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1[mass noun] Cruel behaviour or attitudes.‘he has treated her with extreme cruelty’‘we can't stand cruelty to animals’[count noun] ‘the cruelties of forced assimilation and genocide’
brutality, savagery, savageness, inhumanity, barbarism, barbarousness, brutishness, bloodthirstiness, murderousness, viciousness, ferocity, ferociousness, fiercenessView synonyms
- ‘I shall not treat either of you with undue cruelty, but neither do I have any intention of pardoning your deeds.’
- ‘The whole point of this storyline is that he has reduced her to a gibbering wreck through emotional and verbal cruelty without any physical violence.’
- ‘Maybe it was because of casual human cruelty.’
- ‘If women resisted sexual advances, they risked physical cruelty and punishment.’
- ‘What matters most is that prohibitions against human cruelty be hard and binding.’
- ‘A prince may be ruthless when it is prudent, but wanton cruelty is foolish.’
- ‘Mistakes I can forgive, but deliberate intent to harm or random acts of cruelty, I find repulsive.’
- ‘Is the response to the extreme cruelty of tyrants the defining moment of the human condition?’
- ‘The fact that credible scientists found there was not excess suffering or cruelty involved was ignored.’
- ‘There can be no neutrality between justice and cruelty, between the innocent and the guilty.’
- ‘Why did people behave as they did - whether with cruelty or kindness, cravenness or courage?’
- ‘Officials acting on our behalf committed unspeakable cruelty on a man already wrongly imprisoned for 17 years.’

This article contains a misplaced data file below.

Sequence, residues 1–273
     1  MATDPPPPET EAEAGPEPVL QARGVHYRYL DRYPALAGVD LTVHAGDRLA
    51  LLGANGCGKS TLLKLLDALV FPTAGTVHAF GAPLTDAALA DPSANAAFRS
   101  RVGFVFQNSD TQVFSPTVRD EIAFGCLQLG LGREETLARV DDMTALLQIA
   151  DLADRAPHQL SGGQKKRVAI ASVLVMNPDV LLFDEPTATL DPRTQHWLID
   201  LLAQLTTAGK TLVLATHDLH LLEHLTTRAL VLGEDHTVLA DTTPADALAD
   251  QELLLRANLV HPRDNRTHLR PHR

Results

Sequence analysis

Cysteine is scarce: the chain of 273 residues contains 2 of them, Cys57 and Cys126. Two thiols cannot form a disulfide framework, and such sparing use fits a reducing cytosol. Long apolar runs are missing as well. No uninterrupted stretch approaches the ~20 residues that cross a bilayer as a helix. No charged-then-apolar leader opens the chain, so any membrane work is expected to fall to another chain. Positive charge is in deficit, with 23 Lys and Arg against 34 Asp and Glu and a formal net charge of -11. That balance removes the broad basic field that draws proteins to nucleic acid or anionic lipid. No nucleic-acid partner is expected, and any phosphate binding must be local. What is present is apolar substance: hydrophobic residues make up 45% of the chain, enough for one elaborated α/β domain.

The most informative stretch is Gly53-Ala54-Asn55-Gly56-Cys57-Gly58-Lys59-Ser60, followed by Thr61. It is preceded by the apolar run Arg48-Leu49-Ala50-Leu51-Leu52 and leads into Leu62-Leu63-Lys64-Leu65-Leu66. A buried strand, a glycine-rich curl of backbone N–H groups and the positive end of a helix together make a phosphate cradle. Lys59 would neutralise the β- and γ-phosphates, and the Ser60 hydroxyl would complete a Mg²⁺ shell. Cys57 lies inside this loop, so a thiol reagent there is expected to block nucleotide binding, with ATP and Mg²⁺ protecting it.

- ‘The cruelty perpetrated on the family must cease immediately.’
- ‘I hope the resulting media coverage will help to foster a greater awareness of the cruelty involved.’
- ‘We suffered cruelty and abandonment even as we continued to teach the world about a loving God.’
- ‘But this temptation is dangerous because history contains too much cruelty at the hands of the pious.’
- ‘The casual, unthinking cruelty of children is brilliantly evoked here.’
- ‘They emphasise, instead, the degree of cruelty inflicted by men on women.’
- ‘Why were children treated with such cruelty, both physical and emotional?’
- ‘I felt like a Roman emperor, looking down on my subject wondering whether to show mercy or cruelty.’
Behaviour which causes physical or mental harm to another, especially a spouse, whether intentionally or not.‘she divorced my stepfather for persistent cruelty’
- ‘The jury was told that he had been convicted of grievous bodily harm and child cruelty against a girl in Essex in April 1998.’
- ‘Charges of dangerous driving and child cruelty were withdrawn by the prosecution.’
- ‘Her evidence was led in support of three so called specimen counts of rape, six of indecent assault and one of cruelty.’
- ‘In 1948, Wyman sued for divorce, charging extreme mental cruelty.’
- ‘He pleaded not guilty to cruelty and claimed he had entrusted the puppies to a man called Phil.’
Middle English: from Old French crualte, based on Latin crudelitas, from crudelis (see cruel).
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